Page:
William Conrad stars as portly private detective Frank Cannon who investigates the murder of his ex-girlfriend (Miles)’s husband and gets entangled in small-town corruption. This is the pilot for the long-running series, which ran for five seasons from 1972-76. The story may be a standard mystery, but Conrad’s colourful performance and a strong guest cast make it an enjoyable movie. McCowan directs with some flair and adds a gritty realism through his frequent use of hand-held camera. A reunion movie THE RETURN OF FRANK CANNON (1980) appeared later.
ALIAS SMITH AND JONES (TV) (USA, 1971) ***½
Distributor: American Broadcasting Company (ABC); Production Company: Universal Television; Release Date: 5 January 1971 (USA), 19 April 1971 (UK); Filming Dates: 8-28 October 1970; Running Time: 74m; Colour: Technicolor; Sound Mix: Mono; Film Format: 35mm; Film Process: Spherical; Aspect Ratio: 1.33:1; BBFC Cert: PG.
Director: Gene Levitt; Writer: Glen A. Larson, Douglas Heyes (based on a story by Glen A. Larson); Executive Producer: Frank Price; Producer: Glen A. Larson; Director of Photography: John M. Stephens; Music Composer: Billy Goldenberg; Film Editor: Bob Kagey; Art Director: George C. Webb; Set Decorator: Mickey S. Michaels; Costumes: Grady Hunt; Make-up: Bud Westmore, Larry Germain; Sound: Melvin M. Metcalfe Sr.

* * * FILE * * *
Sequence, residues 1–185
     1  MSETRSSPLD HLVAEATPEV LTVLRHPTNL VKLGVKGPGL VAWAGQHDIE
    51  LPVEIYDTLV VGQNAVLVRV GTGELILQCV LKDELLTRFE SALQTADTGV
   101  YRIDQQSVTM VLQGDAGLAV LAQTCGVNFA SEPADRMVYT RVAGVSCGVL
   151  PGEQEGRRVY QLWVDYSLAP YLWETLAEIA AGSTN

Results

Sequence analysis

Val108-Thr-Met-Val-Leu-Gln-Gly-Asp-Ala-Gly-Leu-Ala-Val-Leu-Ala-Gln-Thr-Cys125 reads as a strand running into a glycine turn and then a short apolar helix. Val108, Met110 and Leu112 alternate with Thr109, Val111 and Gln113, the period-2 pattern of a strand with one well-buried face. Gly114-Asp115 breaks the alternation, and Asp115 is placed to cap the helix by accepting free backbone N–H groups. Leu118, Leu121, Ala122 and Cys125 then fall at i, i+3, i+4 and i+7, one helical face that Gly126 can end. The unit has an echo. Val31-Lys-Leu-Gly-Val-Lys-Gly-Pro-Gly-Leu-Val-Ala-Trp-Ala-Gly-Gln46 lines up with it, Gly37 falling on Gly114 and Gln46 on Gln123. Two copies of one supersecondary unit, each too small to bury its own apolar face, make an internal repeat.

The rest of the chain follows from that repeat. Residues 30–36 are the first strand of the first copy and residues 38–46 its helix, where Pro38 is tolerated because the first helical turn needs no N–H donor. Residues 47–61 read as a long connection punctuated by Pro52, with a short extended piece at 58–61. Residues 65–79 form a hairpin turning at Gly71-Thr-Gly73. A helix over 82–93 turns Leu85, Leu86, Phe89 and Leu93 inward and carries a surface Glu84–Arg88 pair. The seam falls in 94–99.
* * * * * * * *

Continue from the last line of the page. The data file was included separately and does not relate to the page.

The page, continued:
Cast: Pete Duel (Hannibal Heyes (alias Joshua Smith)), Ben Murphy (Jed ‘Kid’ Curry (alias Thaddeus Jones)), Forrest Tucker (Deputy Harker Wilkins), Susan Saint James (Miss Porter), James Drury (Sheriff Lom Trevors), Jeanette Nolan (Miss Birdie Pickett), Earl Holliman (Wheat), Dennis Fimple (Kyle), Bill Fletcher (Kane), John Russell (Marshall), Charles Dierkop (Shields), Bill McKinney (Lobo), Sid Haig (Outlaw), Jerry Harper (Outlaw), Jon Shank (Outlaw), Peter Brocco (Pincus), Harry Hickox (Bartender), Owen Bush (Engineer), Julie Cobb (Young Girl).
Synopsis: A pair of outlaws seeking amnesty from the Governor must stay incognito and out of trouble in a town while a friend pleads their case. The wait is complicated by a lovely bank manager and the arrival of members of their former gang.
Comment: Light-hearted spin on BUTCH CASSIDY AND THE SUNDANCE KID (1969) coasts on the charm of Duel and Murphy who are backed by a strong guest cast. Duel and Murphy play Hannibal Heyes and Kid Curry, two outlaws who are seeking amnesty as technology and improved communication systems put their train and bank robbing days behind them. The rest of their gang, led by the excellent Holliman, arrive in a town where Duel and Murphy have taken on honest jobs working as security in Saint James’ bank whilst Sheriff Drury puts their case to the governor. Tucker also scores as Drury’s dim-witted deputy, whilst Larson and Howard’s script is witty and entertaining. Levitt directs with a good feel for the tone required. This was the pilot for the subsequent TV series (1971-73), which ran for three seasons and 50 episodes with Roger Davis replacing Duel midway through the second season following the actor’s tragic suicide.
BROKEN LANCE (USA, 1954) ****